Sperm Donors Offer Services For Free, With No Anonymity


FDA Orders Free Sperm Donor to Stop

Before he embarked on this avocation, Arsenault said he had his testosterone levels tested.

"It's up there," he said. "I have the drive to procreate and that's part of my success as a donor. The juices are flowing, so to speak."

Keri and Amber Pigott-Robertson have a 1-year-old daughter, thanks to Arsenault. The Modesto, Calif., couple arranged a meeting with him recently to introduce her.

"When he saw her for the first time, his face just lit up," Amber, who is in her 30s, told Newsweek. "He was a perfect match. He gave us what we had been longing for, what we felt would complete us. So there's no expressing how much gratitude I have for him. People like Trent come once in a lifetime."

"It's just a service I provide," he said. "My involvement is limited because I work so much, up to 60 or 70 hours a week.

But according to the Food and Drug Administration, Arsenault's service was not just a private affair. Last fall, agents arrived on his doorstep and ordered him to "cease manufacture" of sperm.

The government regards him as a "firm" and charges that he doesn't provide adequate protections against communicable diseases. Arsenault, who is appealing the order, could face a $100,000 fine and a year in prison.

He argues that free sperm donation is a form of sex and not subject to government control.

Beth Gardner, whose wife of two years is on her 10th cycle of trying to conceive a child through free sperm donation, says the government has it all wrong.

She founded the Free Sperm Donor Registry (FSDR), which educates and helps single women, infertile and lesbian couples connect with sperm donors who will donate without payment.

The community encourages personal interviews, questionnaires, reference checks and STD tests before donation is arranged.

FSDR evolved from an earlier Yahoo group and, so far, has 2,500 members and morphed. "We saw a community, mostly of women who seemed to do it because the sperm bank costs are prohibitive. They can't afford it."

Gardner, 35 and from outside San Diego, said the average cost of conception – with four cycles of trying -- is about $2,000, and that's only for the sperm. She said older woman often need more cycles to eventually get pregnant.

"If don't have insurance you pay out of pocket and the costs can rack up fast," she said.

"But the biggest reason we did this was that we wanted our children to know their biological parent," said Gardner. "It's not to have a relationship, but to have the ability to know...If they don't want to know, that's fine, but we want to be able to give an answer."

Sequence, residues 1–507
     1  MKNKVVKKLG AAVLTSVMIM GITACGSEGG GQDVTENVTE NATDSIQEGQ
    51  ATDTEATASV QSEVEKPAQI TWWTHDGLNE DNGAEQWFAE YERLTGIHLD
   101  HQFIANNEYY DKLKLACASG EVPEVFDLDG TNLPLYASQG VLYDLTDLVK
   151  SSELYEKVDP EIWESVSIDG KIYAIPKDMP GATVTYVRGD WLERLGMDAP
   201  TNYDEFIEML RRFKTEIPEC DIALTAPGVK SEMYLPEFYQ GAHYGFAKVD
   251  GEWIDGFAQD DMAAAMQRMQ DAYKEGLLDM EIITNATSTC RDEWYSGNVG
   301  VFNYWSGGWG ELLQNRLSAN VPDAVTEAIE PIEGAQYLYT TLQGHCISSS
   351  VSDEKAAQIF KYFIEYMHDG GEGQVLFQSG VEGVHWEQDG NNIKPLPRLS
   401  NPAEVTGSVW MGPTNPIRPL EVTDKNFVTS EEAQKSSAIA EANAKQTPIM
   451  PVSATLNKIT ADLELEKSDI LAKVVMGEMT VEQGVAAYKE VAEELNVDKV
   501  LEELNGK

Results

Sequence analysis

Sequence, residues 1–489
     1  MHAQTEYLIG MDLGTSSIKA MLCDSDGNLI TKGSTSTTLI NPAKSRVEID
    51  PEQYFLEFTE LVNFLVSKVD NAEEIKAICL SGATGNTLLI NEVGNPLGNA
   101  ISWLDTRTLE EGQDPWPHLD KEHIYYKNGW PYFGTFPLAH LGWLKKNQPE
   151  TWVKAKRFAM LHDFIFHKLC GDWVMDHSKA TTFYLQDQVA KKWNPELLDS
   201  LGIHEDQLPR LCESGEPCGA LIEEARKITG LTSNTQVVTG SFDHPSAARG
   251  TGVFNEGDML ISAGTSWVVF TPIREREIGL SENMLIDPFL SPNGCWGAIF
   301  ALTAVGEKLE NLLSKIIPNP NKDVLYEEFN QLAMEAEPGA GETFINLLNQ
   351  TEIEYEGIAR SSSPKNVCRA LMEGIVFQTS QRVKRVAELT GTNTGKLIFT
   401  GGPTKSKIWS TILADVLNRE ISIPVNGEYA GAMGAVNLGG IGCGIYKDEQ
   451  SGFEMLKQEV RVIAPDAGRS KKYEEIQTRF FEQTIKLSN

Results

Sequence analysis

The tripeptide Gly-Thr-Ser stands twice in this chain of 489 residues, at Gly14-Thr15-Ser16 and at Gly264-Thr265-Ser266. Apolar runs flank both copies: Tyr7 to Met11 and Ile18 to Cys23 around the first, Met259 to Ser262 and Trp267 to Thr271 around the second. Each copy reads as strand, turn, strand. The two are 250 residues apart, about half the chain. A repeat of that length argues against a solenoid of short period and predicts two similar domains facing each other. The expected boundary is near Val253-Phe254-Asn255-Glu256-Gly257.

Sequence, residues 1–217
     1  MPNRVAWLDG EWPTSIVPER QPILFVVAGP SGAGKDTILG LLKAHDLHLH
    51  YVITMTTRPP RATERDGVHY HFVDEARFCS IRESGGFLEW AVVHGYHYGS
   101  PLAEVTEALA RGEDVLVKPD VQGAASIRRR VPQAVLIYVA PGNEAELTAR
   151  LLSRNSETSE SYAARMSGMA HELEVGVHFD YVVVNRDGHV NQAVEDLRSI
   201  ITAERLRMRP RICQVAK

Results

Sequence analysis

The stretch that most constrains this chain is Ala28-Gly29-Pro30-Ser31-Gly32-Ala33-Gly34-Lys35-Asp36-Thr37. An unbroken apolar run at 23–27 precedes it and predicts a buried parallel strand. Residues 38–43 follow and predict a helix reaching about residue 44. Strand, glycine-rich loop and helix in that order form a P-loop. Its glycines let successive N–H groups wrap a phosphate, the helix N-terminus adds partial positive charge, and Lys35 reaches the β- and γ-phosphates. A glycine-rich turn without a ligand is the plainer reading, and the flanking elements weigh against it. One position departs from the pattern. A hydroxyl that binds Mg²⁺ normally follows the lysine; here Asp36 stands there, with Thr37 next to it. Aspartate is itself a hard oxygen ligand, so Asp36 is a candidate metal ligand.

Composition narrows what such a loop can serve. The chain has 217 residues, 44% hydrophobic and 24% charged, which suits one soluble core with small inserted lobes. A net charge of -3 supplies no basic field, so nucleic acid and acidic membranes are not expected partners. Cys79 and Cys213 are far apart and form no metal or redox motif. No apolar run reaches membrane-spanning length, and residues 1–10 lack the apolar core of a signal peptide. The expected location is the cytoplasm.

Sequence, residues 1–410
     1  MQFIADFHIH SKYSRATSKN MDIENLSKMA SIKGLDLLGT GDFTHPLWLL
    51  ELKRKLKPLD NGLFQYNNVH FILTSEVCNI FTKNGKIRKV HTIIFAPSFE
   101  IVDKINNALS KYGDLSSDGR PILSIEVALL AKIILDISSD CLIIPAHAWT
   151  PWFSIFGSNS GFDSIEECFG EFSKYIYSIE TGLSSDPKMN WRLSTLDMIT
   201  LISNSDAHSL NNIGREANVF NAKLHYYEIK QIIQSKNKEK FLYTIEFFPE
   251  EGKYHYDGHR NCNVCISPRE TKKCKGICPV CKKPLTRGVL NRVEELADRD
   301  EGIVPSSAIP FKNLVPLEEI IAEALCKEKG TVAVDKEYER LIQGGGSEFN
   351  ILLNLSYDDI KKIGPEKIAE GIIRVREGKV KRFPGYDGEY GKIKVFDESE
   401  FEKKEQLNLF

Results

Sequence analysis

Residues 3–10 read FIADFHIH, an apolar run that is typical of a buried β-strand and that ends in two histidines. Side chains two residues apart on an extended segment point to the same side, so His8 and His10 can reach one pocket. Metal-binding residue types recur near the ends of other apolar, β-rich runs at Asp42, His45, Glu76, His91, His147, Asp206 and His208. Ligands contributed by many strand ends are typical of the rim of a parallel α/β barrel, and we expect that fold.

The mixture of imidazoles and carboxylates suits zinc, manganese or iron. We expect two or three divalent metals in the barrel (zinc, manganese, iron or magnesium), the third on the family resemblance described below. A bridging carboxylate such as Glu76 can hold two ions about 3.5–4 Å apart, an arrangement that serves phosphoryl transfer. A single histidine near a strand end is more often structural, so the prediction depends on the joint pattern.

Children of anonymous sperm donors have been increasingly vocal about wanting to know their parentage, not only to affirm their identity but to know important medical history.

Rebecca Blackwell of Fredericksburg, Md., recently discovered her anonymous sperm donor had unknowingly passed on a rare and sometimes fatal aorta defect to her 15-year-old son Tyler.

"What if your 7-year-old gets leukemia, you'd want to reach out to the greatest number of potential biological matches as you could," said Gardner.

But critics wonder how prospective mothers can discern big-hearted donors like Arsenault from perverts. There are "weirdos," she said, but most are well-educated and "very nice."

"But we can't do any more than Craigslist to keep creepy people off their site."

She and Arsenault say that there are no guarantees that donors don't lie on application forms at official sperm banks.

"It's not like they hire private investigators," she said. "They don't check and see how long your grandparents lived or if there were cardiac issues or how many sperm banks you are donating to."

One method is not "more honest" than the other, she said. "The way to get a good read on someone is to talk to them in person."

Arsenault said he first considered donating but was put off by big commercial sperm banks. He went online and found a 38-year-old teacher from his hometown looking for a donor. "We were almost neighbors," he said.

She and her lesbian partner had trouble conceiving and wanted to "give fresh sperm a try," he said.

Arsenault agreed to meet her in the kids section of Barnes and Noble (she had an adopted 4-year-old) to look each other over. Later, they met up to with a contract they had agreed upon and had it notarized at the Post Office. They picked a date just before Christmas when she would be ovulating.

The woman got pregnant and had a boy nine months later. "It kind of boosted my self-confidence," he said.

Arsenault said he doesn't worry about incest -- the possibility of his children eventually meeting and marrying. "A lot of them are scattered and it's a big state," he said. "And since I am not anonymous, I tell the kids."

The son of evangelical Christians, Arsenault said he has a spiritual motive for helping women who cannot conceive and he wants more men to consider doing the same.

Arsenault cites the Golden Rule and the commandment to "love they neighbor."

"What more can you give to your neighbor that the gift of life?" he asks. "It's my version of love."

Meanwhile, Arsenault has already met two of his daughters and just received a letter from the parents of a boy he sired who wants to stop by and introduce the boy to his biological father.

That seems to be enough for him.

"I couldn't be a father right now," said Arsenault. "But it doesn't keep me from trying to meet the kids once a year and writing them birthday cards or meeting them when their parents are passing through town.

"Maybe someday when job less demanding be able to go visit and have some type of significant relationship with them."

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